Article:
• Area PPE requirements must be established for all technical areas. This is the responsibility of the Area Safety Leader through consultation with Supervisors and Work Leads.
    • Area PPE requirements must be listed on the LBNL entrance placard.
    • Area PPE requirements apply to the entire technical area unless an exception is granted in accordance with the procedure described in Pub 3000, Chapter 19.
  • Minimum Area PPE requirements for Technical Areas are as follows:
    • Safety glasses with side shields
    • Closed toed shoes
    • Long pants

Note: Until March 1, 2009, if the policy above is not implemented and followed, the following, prior policy, must be followed:

The Laboratory requires suitable equipment to protect employees from hazards in the workplace as prescribed in 29 CFR 1910.132. The Environment, Health, and Safety (EH&S) Division advises on the protective equipment required for a task, but the supervisor of the operation must obtain this equipment and see that it is used.

Visitors and persons walking through a Technical Area but not performing work in that area must wear the minimum Area PPE, but generally are not required to wear additional PPE assigned on the basis of performing operations.

Gloves

glove image

  • Gloves must be worn when using hazardous chemicals, when handling materials at temperature extremes or when handling materials with sharp or rough surfaces. It is especially important to wear gloves when handling chemicals that can be absorbed through the intact skin.  Consult MSDSs and the following Web site to identify chemicals that have this property.  This may not be a complete list, therefore contact an EH&S Industrial Hygienist if you have any questions about a particular compound: flag http://www.cdc.gov/niosh/npg/ flag.
  • Store gloves in a clean area outside of fume hoods and away from equipment that could potentially contaminate them.
  • Always remove gloves before touching common use items such as phones, door knobs and computers. This will prevent contamination of unprotected individuals.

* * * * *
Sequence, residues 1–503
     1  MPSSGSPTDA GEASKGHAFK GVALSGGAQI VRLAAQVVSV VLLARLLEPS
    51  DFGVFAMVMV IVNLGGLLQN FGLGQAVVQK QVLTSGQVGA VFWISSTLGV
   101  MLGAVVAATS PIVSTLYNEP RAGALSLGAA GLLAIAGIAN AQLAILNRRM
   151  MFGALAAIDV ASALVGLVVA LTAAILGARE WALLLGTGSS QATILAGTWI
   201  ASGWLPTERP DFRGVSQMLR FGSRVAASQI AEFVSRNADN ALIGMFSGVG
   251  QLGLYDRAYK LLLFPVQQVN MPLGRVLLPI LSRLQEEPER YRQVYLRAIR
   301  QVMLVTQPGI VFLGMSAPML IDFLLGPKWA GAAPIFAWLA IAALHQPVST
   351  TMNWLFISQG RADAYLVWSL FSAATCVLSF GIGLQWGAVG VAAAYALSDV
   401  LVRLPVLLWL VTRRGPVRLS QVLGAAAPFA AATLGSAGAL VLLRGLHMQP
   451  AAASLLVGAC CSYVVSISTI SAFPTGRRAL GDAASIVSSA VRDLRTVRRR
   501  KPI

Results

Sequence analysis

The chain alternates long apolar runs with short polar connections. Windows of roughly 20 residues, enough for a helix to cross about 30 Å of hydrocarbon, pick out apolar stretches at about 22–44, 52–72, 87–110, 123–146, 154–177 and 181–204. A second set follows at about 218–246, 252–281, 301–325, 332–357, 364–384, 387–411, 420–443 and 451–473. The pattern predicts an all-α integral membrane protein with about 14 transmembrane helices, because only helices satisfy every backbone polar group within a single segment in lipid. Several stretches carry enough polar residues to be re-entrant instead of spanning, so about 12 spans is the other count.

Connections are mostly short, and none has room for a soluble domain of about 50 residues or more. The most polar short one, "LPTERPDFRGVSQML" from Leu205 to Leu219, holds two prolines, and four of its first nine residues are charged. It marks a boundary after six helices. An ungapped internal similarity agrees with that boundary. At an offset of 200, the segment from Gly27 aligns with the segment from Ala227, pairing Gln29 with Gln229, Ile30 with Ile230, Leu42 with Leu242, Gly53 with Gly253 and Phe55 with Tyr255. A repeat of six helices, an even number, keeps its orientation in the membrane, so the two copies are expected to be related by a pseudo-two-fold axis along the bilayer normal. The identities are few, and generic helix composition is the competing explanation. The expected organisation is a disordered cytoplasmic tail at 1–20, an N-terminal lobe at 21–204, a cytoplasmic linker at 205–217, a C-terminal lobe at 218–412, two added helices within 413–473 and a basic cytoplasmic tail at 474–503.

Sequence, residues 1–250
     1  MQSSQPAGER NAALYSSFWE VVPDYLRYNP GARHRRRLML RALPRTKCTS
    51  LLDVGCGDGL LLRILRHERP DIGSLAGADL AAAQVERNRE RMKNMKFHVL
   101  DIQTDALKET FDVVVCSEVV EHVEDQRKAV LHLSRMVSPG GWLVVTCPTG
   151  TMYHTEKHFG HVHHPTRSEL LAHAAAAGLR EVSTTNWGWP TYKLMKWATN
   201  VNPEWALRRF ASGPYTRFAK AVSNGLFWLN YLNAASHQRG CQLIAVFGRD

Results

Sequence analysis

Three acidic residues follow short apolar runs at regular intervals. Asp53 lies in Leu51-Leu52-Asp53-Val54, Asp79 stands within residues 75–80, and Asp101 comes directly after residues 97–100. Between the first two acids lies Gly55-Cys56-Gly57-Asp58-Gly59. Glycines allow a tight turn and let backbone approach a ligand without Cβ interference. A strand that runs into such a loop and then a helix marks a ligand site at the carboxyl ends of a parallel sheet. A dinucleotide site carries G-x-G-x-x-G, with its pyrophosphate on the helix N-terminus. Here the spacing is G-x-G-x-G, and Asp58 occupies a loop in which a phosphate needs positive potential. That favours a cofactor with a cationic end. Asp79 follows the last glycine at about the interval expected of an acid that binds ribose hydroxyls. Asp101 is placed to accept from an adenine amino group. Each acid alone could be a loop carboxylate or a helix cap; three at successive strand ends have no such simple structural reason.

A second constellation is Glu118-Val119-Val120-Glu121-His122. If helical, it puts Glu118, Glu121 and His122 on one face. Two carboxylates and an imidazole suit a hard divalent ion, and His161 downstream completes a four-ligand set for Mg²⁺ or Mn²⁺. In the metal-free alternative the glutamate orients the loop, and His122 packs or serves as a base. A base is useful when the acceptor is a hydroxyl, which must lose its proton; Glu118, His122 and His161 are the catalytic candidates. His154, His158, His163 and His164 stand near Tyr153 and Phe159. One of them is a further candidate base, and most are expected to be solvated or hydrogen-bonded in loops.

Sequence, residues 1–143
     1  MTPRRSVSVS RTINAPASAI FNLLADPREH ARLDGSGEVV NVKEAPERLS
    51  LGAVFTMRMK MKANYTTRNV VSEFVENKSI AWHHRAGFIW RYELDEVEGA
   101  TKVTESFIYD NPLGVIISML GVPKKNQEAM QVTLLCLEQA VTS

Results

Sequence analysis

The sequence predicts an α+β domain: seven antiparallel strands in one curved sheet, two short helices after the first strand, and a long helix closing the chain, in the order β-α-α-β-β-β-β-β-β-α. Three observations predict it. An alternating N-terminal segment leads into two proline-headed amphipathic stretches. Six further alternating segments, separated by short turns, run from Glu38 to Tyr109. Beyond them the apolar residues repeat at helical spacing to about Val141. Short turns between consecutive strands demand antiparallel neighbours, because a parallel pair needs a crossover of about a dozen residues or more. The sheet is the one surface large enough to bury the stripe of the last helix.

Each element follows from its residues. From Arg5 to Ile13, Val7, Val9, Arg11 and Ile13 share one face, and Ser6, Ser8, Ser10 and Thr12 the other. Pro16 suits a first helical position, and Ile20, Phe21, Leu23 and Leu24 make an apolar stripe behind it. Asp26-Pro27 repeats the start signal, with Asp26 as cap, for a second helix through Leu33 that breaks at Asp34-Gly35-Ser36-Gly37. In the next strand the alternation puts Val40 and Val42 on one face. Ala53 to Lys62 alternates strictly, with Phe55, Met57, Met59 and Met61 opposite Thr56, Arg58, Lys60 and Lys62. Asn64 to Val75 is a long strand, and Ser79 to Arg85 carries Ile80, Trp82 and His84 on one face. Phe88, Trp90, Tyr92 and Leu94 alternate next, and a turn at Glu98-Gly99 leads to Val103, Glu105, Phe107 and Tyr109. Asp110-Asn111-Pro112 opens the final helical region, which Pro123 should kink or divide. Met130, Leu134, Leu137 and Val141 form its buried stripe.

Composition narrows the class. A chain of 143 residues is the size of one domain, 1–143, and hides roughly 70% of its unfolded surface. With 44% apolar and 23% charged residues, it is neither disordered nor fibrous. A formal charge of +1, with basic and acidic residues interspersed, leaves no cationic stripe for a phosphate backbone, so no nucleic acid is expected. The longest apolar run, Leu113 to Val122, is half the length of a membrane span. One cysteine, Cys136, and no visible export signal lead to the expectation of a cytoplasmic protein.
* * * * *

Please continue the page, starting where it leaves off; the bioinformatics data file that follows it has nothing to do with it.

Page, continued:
Glove Selection

  • Chemically resistant gloves are manufactured from a variety of materials, including nitrile, polyvinyl chloride, natural rubber (latex), and Viton. No single glove material provides universal protection against all chemical agents. Therefore, gloves must be selected on the basis of their resistance to the material(s) being handled, their suitability for the procedures being conducted, and their resistance to wear as well as temperature extremes. Improper selection may degrade the gloves, allow the chemical to permeate through the gloves, and ultimately expose the wearer to the chemical.  This is a potentially serious situation.  Use chemical resistance charts and glove selection databases (below) to choose gloves.
  • In addition to the specific chemical(s), other factors to consider in selecting gloves are how and where they will be used.  In shop environments, gloves may be subjected to rougher handling and may be totally immersed in chemicals such as cleaners and degreasers.  However, in labs, manual dexterity may be an issue, and splashes, as opposed to total immersion in the chemical, are more common.  Gloves used in shop settings are thus required to be more resistant to tears and abrasion than those used in laboratory environments and are normally thicker (greater than 10-15 mils).  In laboratories, thin, lightweight gloves are generally preferred (less than 10 mils).  As a point of reference, typical dishwashing gloves are approximately 15 to 20 mils thick, and surgical latex gloves are on the order of 3 to 8 mils thick.